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Slow dies the calendar art

GAYATRI SINHA

The value of the calendar art form is now underscored by the gradual demise of the calendar art studios and the dominance of the digital print.



ART THAT WAS A sample of Yogendra Rastogi's calendar art.

Nearly 10 years ago, one had interviewed Yogendra Rastogi, one of the most famous calendar art painters of North India. It was at his studio in Meerut. Rastogi, who spurned the education of the JJ School of Art, Mumbai, as "too modern," is a self-described `mil-furlong' painter who graduated from painting road signs to calendar art.

Ensconced in his small but meticulously clean studio, Rastogi was extremely wary of his work being photographed, and spoke of the preservation accorded to his calendar paintings in air-conditioned and dehumidified rooms. Since he first painted the boy soldier during the Indo-China war, the famous Nanha Munna Rahi, Rastogi had graduated to owning two printing presses devoted to his work.

A decade later, Rastogi's respect for the generally devalued category of calendar art has proved well placed. Scholarship, particularly overseas, has concentrated on Indian popular art rather than on contemporary art studies.

The rush to collect popular prints and calendar paintings prints and artefacts has crystallised in important collections and exhibitions such as those by Schelberger and Neumayer and Jyotindra Jain, which emphasise on the ubiquity and the eclectic nature of calendar art.

The South Asia scholar Christopher Pinney has written extensively about the significant aesthetics that accrue to calendar art. In repudiating the influence of Ravi Varma style of western academism, that influenced turn of the century prints with the uses of space with a perspective and a `modernising' iconicity, the calendar artist reverts to what Pinney describes as `neo-traditionalist' values, which need to be particularly studied in the light of Hindutva politics.

Darshanic, katha images

Thus, the famous Brahmin painters of Nathdwara led by Narottam and B.G. Sharma, dominate the way the gods are printed in present-day calendar art, with its twin aspects of the darshanic image and katha image, or the image for worship and the narrative or pedagogic image. The proliferating studios also became sites for the mass-produced images of nationalist leaders. Strong frontal images of Rabindranath, Vivekananda or Ramakrishna usually embracing Kali with a garland of red hibiscus flowers, occupied the same space as the religious images of the idealising, pure nation.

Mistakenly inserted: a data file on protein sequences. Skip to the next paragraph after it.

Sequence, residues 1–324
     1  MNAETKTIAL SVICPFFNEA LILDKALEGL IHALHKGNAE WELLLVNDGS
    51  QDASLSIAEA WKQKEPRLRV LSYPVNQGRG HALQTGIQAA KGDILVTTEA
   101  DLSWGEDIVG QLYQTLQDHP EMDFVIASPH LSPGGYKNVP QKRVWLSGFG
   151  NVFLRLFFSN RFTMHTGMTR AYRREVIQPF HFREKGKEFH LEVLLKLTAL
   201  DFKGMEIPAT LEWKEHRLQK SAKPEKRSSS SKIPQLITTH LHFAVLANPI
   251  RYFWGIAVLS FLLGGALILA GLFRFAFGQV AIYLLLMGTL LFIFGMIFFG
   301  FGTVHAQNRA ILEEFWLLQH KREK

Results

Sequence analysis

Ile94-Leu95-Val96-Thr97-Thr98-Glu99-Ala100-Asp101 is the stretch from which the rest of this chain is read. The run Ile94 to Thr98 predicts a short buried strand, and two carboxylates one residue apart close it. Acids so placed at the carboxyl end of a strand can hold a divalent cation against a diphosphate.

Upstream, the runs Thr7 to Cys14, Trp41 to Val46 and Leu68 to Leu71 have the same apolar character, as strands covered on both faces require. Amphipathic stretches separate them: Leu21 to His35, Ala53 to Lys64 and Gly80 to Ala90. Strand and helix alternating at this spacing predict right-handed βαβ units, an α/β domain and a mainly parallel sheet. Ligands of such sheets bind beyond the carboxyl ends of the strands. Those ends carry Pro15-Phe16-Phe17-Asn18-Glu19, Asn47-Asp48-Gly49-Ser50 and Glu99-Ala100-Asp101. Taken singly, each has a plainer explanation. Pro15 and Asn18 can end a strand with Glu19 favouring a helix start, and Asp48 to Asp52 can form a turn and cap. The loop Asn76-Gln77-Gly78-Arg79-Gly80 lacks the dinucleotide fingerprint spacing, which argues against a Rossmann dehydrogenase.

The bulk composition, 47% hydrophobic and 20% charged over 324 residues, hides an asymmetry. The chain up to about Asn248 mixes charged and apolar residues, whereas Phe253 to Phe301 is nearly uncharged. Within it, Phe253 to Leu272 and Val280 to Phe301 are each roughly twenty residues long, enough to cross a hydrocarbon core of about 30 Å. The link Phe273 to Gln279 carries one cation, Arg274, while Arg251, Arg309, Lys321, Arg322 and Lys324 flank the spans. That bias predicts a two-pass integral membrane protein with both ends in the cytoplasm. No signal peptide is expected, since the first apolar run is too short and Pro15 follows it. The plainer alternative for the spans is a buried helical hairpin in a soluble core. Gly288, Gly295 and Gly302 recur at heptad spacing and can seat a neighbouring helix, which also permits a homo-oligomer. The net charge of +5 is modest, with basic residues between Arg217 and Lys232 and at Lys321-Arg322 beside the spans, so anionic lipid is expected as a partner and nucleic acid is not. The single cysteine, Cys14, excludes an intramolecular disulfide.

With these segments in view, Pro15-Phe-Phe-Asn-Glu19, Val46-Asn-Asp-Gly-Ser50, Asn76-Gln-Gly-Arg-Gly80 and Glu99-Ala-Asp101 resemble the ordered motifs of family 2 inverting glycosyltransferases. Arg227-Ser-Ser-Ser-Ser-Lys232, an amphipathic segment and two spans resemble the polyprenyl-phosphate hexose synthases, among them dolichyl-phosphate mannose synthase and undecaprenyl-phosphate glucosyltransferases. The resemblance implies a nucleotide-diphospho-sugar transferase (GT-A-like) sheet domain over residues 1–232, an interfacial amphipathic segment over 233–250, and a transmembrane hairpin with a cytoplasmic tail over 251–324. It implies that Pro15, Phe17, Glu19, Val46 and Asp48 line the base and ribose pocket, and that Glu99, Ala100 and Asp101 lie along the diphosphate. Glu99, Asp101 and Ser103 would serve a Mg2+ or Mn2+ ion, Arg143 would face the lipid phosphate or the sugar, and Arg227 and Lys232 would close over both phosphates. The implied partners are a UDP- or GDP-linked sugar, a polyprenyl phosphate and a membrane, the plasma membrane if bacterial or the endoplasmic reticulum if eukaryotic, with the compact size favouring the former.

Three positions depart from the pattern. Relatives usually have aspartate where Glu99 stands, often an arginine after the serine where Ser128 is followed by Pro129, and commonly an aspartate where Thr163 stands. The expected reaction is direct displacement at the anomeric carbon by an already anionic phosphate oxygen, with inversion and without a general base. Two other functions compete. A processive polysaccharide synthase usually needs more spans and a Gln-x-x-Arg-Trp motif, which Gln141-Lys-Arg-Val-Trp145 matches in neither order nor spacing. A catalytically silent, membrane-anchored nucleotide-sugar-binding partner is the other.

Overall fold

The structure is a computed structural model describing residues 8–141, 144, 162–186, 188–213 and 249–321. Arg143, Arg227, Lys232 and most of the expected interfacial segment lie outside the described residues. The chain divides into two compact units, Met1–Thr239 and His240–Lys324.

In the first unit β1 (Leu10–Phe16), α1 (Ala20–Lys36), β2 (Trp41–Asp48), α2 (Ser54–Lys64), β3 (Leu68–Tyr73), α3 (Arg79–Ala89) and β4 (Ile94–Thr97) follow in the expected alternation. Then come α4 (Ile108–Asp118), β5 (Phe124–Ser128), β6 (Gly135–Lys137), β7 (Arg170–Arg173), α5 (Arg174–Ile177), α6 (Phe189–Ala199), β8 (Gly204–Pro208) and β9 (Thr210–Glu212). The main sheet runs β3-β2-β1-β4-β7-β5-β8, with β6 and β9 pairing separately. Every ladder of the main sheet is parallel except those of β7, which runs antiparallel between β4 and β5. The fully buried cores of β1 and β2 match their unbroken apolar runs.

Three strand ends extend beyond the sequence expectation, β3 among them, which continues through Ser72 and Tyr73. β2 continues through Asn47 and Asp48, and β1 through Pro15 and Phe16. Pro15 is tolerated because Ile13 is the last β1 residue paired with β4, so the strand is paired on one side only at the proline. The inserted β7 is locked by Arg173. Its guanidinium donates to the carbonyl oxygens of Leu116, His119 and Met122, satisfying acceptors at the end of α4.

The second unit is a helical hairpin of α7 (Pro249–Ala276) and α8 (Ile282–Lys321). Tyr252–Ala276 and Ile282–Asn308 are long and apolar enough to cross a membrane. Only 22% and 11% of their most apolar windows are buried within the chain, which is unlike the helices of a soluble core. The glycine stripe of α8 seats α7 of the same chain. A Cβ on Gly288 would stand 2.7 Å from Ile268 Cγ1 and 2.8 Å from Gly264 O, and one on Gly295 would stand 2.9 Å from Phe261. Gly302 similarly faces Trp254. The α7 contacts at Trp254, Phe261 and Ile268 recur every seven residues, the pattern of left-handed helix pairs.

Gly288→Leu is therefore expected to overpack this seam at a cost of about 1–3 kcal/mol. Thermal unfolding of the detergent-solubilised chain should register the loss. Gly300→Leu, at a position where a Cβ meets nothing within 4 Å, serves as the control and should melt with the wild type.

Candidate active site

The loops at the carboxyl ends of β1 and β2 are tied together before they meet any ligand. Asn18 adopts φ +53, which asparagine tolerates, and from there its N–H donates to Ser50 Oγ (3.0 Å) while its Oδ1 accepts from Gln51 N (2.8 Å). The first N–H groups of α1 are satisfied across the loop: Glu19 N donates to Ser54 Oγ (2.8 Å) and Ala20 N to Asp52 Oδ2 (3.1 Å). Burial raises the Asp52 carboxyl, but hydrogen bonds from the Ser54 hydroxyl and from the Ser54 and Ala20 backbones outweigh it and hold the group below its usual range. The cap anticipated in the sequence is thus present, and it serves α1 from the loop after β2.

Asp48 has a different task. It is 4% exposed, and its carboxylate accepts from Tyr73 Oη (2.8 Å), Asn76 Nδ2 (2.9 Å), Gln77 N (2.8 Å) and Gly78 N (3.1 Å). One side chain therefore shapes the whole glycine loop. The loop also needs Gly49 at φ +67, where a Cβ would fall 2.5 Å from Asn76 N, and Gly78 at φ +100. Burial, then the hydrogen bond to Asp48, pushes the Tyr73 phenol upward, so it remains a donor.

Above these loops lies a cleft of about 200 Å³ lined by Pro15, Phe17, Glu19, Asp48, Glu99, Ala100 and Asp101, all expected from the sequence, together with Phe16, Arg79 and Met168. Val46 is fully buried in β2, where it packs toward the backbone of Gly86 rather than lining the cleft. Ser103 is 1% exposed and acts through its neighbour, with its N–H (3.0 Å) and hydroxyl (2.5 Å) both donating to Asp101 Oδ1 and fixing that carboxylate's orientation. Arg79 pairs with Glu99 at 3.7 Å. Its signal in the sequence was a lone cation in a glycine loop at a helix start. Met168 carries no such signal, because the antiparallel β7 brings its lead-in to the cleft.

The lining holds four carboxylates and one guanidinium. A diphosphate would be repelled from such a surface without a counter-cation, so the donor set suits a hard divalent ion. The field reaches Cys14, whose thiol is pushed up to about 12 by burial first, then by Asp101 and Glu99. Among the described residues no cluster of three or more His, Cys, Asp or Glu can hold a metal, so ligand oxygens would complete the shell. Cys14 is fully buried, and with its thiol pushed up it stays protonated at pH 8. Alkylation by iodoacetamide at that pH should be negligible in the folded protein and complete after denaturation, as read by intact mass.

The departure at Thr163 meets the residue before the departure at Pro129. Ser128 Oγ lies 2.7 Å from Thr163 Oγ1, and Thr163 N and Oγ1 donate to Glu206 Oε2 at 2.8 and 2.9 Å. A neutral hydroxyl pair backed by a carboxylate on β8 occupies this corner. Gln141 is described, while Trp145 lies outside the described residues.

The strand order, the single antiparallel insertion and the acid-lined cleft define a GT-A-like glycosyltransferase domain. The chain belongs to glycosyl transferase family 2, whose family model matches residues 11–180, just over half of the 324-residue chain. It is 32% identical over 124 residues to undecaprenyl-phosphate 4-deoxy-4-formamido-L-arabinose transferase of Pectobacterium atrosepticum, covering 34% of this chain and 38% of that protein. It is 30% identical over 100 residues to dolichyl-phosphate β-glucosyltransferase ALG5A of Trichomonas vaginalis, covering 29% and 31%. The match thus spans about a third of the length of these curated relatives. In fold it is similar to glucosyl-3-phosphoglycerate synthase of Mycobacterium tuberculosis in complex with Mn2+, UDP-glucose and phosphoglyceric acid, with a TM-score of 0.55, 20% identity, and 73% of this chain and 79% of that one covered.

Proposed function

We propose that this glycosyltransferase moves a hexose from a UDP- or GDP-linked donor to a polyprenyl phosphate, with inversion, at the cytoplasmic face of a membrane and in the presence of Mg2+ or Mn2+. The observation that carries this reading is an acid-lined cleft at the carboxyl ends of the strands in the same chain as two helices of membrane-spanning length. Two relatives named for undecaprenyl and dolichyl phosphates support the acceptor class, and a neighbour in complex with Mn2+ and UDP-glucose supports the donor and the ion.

Calendar and popular art enters a new phase of visibility in academic discourse as well as through the commercial auction. The value of this art form is now underscored by the gradual demise of the calendar art studio and the dominance of the digital print. A progression in the paintings that formed the basis of the calendar print now becomes available for study. As models for prints, Ravi Varma's oil paintings were replaced by the gouache paintings of the Nathdwara artists, "in which a figural excess signifies a religious repleteness."

In the 1970s and 80s, the power of the offset press became a form of mechanical intervention in calendar art. Several studios or artists used printed cut-outs of the gods, or else of architectural details, pasted within the frame and integrated within the work. These are details that are evident only when one studies the original work, and not in the mass-produced chromolithographs that it engenders. The most recent images digitally created and plotted on the computer are minimally painted on the floral borders, to suggest the semblance of an artwork. There is also a critical shift in subject matter between the paintings of the `50s and `90s. The lush excess of detail and the rich colours of the Nathdwara style with their preoccupation with the Gods expand to accommodate the envisioning of the nation as heroic entity. Arguably the last influential calendar paintings of Indian politics enshrined Indira Gandhi as the benign mother of the nation, the unspoken Bharat Mata of the Pokharan blasts and the triumph of Bangladesh. Her popularity as a poster rivalled that of Gandhi, pointing to the shift in national values.

The last few years, especially under the BJP Government, have been profoundly influential for the revival of a neo-conservative art. There has been, as Pinney notes, a remarkable continuation of the image: glossy Lakshmi and Ganesh images continue to be the most popular in calendar art production.

In recent years, the emergence of the avatar poster - for Karva Chauth, Hoi Mata and a host of other events in the Hindu calendar - is a new development.

The material difference is that they are now being produced en masse not in the artist's studio but as computer-generated images.

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